Researchers report on an exciting new way to reprogram cells so patients might one day grown their own cells to replace diseased ones
It took seven days for Haruko Obokata and her team to learn that they might have rewritten the rules of biology. Working with a bunch of blood cells obtained from newborn mouse spleens, the group found that physical stress —in the form of acidic conditions, or the tight squeeze through a pipette—could turn developed cells back to their embryonic state.
In recent years, such embryonic stem cells, which have the capacity to morph into any of the body’s cells, have become a hot area of research. If doctors can find a reliable way of generating them, they could potentially recreate any tissues, or organs, for that matter, that need replacing if they become diseased. Dead heart tissue starved of oxygen after a heart attack could be replaced, and ailing pancreas cells that no longer produce enough insulin might help diabetic patients.
So far, however, there are only two ways to obtain embryonic stem cells—both of which involve introducing new genetic material to cells. In one, a cloning method known as nuclear transfer, DNA from a mature, developed cell, is inserted into an empty egg cell and electrically and chemically coddled until it starts dividing and producing stem cells. In 2006, Japanese researcher Shinya Yamanaka improved on this method by mixing adult mouse cells with certain genetic factors that produced the same result—embryonic-like stem cells that had erased their developmental history and were reprogrammed back to the time when they could become any cell in the body (he repeated the procedure with human cells the following year and earned the Nobel Prize in 2012).
But Obokata and her team eliminated the need for any genetic manipulation at all. In their experiment, reported in the journal Nature, all it took was a bath of acidic, low pH solution to turn back the clock on the mouse blood cells. “It was really surprising to see such a remarkable transformation triggered simply by stimuli from outside the cell,” Obokata said during a press briefing.
Plant cells can do it, as a survival mechanism; during periods of drought, for example, carrot cells can reprogram themselves to generate entirely new plants when conditions improved. But Obokata is the first to demonstrate the process in animals.
To prove that the cells were indeed reprogrammed, and not simply already embryonic, the scientists measured levels of marker proteins that signal pluripotency, or a cell’s ability to turn into a multitude of different cell types. None of the blood cells expressed these markers before they were exposed to the acidic medium. And to show that the reprogrammed cells were indeed able to generate any of the body’s cells, they injected them into early embryos and found that the resulting mice were chimeric, meaning they possessed a mixture of their original and the reprogrammed cells.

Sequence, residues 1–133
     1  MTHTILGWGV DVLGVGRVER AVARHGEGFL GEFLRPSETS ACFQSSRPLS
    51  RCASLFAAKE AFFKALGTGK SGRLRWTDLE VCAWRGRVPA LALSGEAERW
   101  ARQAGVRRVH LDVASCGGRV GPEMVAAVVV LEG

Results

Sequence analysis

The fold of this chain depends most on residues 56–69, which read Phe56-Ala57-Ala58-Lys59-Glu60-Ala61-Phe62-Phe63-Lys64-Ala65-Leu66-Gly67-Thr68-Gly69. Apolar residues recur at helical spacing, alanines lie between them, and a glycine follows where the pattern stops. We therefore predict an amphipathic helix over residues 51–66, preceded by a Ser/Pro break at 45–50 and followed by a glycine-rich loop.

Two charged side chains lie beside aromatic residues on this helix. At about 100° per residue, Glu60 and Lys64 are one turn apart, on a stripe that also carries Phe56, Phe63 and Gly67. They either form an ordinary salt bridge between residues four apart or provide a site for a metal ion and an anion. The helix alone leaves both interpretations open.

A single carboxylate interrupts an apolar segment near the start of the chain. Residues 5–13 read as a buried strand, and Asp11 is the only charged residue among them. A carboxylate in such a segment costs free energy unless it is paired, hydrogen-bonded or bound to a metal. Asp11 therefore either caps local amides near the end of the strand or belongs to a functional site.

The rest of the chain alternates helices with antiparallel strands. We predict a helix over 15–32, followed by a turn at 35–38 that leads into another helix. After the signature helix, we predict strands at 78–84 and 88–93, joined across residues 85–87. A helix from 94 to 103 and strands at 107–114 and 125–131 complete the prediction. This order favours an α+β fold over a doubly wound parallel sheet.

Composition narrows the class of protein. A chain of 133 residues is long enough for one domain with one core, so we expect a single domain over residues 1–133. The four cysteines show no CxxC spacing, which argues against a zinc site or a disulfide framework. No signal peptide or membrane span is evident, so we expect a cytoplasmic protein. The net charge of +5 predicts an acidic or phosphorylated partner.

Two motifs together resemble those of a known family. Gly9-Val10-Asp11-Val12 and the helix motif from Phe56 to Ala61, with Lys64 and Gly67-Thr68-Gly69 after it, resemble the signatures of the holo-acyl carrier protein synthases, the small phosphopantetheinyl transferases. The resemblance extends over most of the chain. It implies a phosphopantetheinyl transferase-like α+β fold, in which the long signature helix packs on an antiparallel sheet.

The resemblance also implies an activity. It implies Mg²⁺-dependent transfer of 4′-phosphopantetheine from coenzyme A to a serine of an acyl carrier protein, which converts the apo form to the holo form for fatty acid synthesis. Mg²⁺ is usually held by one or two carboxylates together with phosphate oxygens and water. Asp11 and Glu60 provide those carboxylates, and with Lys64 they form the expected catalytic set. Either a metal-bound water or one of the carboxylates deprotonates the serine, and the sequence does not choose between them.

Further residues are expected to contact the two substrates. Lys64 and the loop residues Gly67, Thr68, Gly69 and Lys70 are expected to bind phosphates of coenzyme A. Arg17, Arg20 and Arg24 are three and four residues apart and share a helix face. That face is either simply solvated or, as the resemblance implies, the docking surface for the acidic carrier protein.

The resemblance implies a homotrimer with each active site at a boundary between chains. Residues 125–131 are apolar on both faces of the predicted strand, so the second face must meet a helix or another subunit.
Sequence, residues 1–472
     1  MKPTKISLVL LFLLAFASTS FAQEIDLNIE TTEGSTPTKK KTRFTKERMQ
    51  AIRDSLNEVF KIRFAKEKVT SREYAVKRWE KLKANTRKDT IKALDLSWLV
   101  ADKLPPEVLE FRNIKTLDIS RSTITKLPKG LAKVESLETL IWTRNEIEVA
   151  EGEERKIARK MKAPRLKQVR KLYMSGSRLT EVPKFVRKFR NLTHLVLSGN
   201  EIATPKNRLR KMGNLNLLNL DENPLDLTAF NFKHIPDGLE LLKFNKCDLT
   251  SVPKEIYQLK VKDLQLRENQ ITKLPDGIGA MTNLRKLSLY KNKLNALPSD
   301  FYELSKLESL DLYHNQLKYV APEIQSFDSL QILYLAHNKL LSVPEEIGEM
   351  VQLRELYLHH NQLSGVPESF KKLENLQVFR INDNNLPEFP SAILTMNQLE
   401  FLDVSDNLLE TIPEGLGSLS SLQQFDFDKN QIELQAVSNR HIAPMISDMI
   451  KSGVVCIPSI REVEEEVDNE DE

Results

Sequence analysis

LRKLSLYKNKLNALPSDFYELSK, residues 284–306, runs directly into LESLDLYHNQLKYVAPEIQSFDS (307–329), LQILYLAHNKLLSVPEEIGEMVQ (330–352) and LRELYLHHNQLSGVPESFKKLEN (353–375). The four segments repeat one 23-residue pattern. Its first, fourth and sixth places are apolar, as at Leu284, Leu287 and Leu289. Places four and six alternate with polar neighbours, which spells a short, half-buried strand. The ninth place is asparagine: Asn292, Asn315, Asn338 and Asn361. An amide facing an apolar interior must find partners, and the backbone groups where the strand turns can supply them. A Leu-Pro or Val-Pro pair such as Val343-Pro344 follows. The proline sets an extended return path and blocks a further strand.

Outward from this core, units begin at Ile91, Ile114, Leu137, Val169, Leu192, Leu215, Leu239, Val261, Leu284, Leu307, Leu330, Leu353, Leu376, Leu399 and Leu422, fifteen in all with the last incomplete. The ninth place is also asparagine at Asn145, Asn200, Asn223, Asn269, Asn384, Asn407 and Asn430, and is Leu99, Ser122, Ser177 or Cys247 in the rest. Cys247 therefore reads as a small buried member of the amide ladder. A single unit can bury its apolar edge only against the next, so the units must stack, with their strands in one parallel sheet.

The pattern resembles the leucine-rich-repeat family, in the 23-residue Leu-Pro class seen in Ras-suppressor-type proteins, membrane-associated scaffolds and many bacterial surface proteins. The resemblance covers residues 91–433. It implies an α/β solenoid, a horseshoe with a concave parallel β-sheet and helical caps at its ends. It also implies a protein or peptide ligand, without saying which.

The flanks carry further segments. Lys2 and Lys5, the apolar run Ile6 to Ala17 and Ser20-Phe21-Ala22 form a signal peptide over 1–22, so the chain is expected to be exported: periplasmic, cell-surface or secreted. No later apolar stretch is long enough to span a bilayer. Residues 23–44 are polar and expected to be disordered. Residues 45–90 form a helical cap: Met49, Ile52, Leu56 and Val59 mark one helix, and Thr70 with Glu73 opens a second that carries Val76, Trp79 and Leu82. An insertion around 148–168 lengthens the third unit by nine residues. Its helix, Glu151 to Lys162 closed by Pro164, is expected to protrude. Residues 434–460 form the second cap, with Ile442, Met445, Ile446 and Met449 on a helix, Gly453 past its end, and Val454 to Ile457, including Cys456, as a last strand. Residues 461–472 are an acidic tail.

“It’s remarkable that something so simple could do this,” says Austin Smith, director of the Wellcome Trust-MRC Stem Cell Institute at the University of Cambridge. “But it seems a bit dangerous.”
Why, for example, did the low pH not prompt the cells to form tumors instead? And why doesn’t this reprogramming occur in the body, when similar conditions are met—such as, for example, in the stomach, which is highly acidic? “I guess our tissues have some inhibitory mechanism to inhibit reprogramming,” Obokata said. “But to prove that we need further studies.”
First among them would be tests of human cells, to see if what occurred in the mice is also possible in humans. That could open the door to considering this process as a way to generate cells that patients might eventually use to treat diseases such as Alzheimer’s, heart conditions and spinal cord injuries. Already, the first trials of using embryonic stem cells, made from the nuclear transfer technique, are underway in the U.S. to treat macular degeneration.
There are limitations to the technology. Obokata says the efficiency of producing them from acidic conditions is relatively low, at 6% to 7%. And it’s not clear that the cells, which Obokata dubbed STAP cells, for stimulus-triggered acquisition of pluripotency, can be produced by every tissue in the body. She and her team tested brain, skin, muscle, fat, bone marrow, lung and liver tissues from mice and all produced STAP cells, although Smith points out that these represent only three different cell types.
She and her group also used cells from week-old mice, meaning they were still relatively young, despite being fully developed into blood cells. Obokata has done preliminary work with some older mouse cells, and said that “the reprogramming efficiency decreases along with age.” But she is hoping to modify and improve on the technology to make STAP cells as efficient to make from older cells as they are from younger ones.
More follow up research on the fate of the cells is also critical, to see if they tend to generate tumors later. But it’s an exciting step that could lay the foundation for a new age in regenerative medicine, when scientists might have their pick of several reprogramming techniques that could help them to match the best method to the right patients to treat their disease.